Project facts

Duration: 2022-06-30 - 2024-06-28
Project coordinator: National Institute for Research and Development in Optoelectronics – INOE 2000
Funding bodies: The Executive Unit for Financing Higher Education, Research, Development and Innovation (UEFISCDI)
Subject areas: Archaeology, Conservation, Data, Innovation, Materials, Natural Science, Technologies - Scientific processes
Budget: 120,000 EUR


The main aim of the artMAP project is to develop a new analytical methodology for in-situ identification and real-time mapping of organic binders used in ancient wall paintings. The proposed method combines two complementary highly specific molecular techniques, namely laser-induced fluorescence (LIF) and Fourier-transform infrared (FTIR) spectroscopy. The existing LIF scanning system within the INOE 2000 laboratory will be upgraded with a new laser source and a new software interface will be developed along with a spectral database of organic compounds. The capability to accurately identify and map organic binders in ancient wall paintings, typically characterized by a highly inorganic matrix and low binder-to-pigment ratio, will be tested on selected 2nd-century Roman wall painting fragments. A two-step optimization method will be used (two levels of identification): (1) LIF measurements will be carried out as a first step for remote non-invasive real-time diagnosis and mapping of the organic components that may be present within the investigated samples; this will offer a first level of identification, meaning the presence or absence of an organic binder, and at the same will indicate (based on the imaging results) the best points on the painted surface at which to take micro-samples; (2) results of the LIF analysis will be refined and validated by FTIR measurements carried out on selected micro-samples that will be subject to a pretreatment (selective extraction method of the organic binder using solvents); this will offer a second level of identification, meaning identification of specific classes of organic binding media. This combined procedure will give a synergic effect as the chemical identification of the organic materials provided by FTIR spectroscopy can be transferred to the whole painted surface thanks to the imaging capabilities of the LIF system, without the need for extensive micro-sampling.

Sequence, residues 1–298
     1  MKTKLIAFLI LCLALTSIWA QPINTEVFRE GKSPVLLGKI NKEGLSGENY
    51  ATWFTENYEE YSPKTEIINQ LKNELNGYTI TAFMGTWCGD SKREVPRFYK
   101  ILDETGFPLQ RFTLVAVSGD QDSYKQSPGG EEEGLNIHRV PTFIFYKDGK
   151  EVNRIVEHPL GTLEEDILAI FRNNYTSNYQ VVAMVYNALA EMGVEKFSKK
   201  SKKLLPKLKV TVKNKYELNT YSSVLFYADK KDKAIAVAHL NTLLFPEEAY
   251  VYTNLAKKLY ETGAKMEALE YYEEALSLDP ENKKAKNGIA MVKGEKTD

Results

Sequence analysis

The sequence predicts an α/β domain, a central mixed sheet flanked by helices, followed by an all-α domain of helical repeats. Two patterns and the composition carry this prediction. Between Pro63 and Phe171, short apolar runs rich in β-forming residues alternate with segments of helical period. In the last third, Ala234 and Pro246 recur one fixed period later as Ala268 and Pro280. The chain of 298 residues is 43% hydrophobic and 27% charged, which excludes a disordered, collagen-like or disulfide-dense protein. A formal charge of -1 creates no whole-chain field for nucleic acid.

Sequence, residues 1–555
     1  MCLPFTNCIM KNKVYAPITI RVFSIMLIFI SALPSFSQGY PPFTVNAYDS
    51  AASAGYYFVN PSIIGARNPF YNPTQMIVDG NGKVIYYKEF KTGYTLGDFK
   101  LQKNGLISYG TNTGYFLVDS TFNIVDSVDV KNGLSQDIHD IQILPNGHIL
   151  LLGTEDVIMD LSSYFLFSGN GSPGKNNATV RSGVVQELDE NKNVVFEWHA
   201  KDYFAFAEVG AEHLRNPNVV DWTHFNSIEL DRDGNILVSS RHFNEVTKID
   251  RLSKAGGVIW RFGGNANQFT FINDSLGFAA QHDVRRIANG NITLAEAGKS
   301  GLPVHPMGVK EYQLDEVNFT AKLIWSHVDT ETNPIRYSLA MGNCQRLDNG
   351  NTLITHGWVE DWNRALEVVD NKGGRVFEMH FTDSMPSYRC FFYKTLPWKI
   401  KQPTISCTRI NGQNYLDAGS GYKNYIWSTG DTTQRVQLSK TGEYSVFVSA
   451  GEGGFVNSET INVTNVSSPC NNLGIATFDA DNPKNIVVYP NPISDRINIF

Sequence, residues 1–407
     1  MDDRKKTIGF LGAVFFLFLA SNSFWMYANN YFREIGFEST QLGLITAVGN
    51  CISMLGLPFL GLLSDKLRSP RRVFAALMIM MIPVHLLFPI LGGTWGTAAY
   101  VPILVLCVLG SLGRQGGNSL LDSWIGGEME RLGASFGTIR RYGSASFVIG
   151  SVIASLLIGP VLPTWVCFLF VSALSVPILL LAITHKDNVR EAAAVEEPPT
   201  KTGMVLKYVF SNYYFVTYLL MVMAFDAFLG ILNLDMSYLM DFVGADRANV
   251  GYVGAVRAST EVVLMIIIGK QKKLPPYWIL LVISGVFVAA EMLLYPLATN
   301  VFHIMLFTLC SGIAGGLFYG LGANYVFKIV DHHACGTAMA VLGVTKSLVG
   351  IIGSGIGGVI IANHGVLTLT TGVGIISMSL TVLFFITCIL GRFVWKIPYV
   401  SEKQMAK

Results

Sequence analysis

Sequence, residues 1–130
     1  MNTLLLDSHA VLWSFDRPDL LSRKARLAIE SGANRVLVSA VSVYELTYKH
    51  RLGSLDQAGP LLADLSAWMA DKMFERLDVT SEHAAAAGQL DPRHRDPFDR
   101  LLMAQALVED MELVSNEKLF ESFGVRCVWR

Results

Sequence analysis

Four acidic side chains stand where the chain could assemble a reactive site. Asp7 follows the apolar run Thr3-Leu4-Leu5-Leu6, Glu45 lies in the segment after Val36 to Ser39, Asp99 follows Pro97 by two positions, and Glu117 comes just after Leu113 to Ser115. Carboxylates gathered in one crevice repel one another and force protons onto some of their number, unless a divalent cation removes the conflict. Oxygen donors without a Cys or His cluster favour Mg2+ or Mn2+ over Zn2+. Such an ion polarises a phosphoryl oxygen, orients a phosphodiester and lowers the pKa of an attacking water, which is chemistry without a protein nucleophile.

Impacts & Results

System development: Development of a custom in-house laser-induced fluorescence (LIF) scanning system for high-end applications within the heritage science field.

Spectra data collection: A specialized LIF spectral library has been developed. The library comprises at this moment over 50 reference samples that cover a wide range of organic binders and mineral pigments commonly found in ancient murals. Following the FAIR guiding principles, all reference LIF spectra acquired by the end of the project will be incorporated into the INFRA-ART Spectral Library, an open-access data infrastructure for heritage science

Analytical methodology: Development of an enhanced FTIR method using micro-extraction protocol.

Review paper: L. Ghervase, I.M Cortea (2023) Lighting up the heritage sciences: the past and future of laser-induced fluorescence spectroscopy in the field of cultural goods, in Chemosensors 11(2), 100.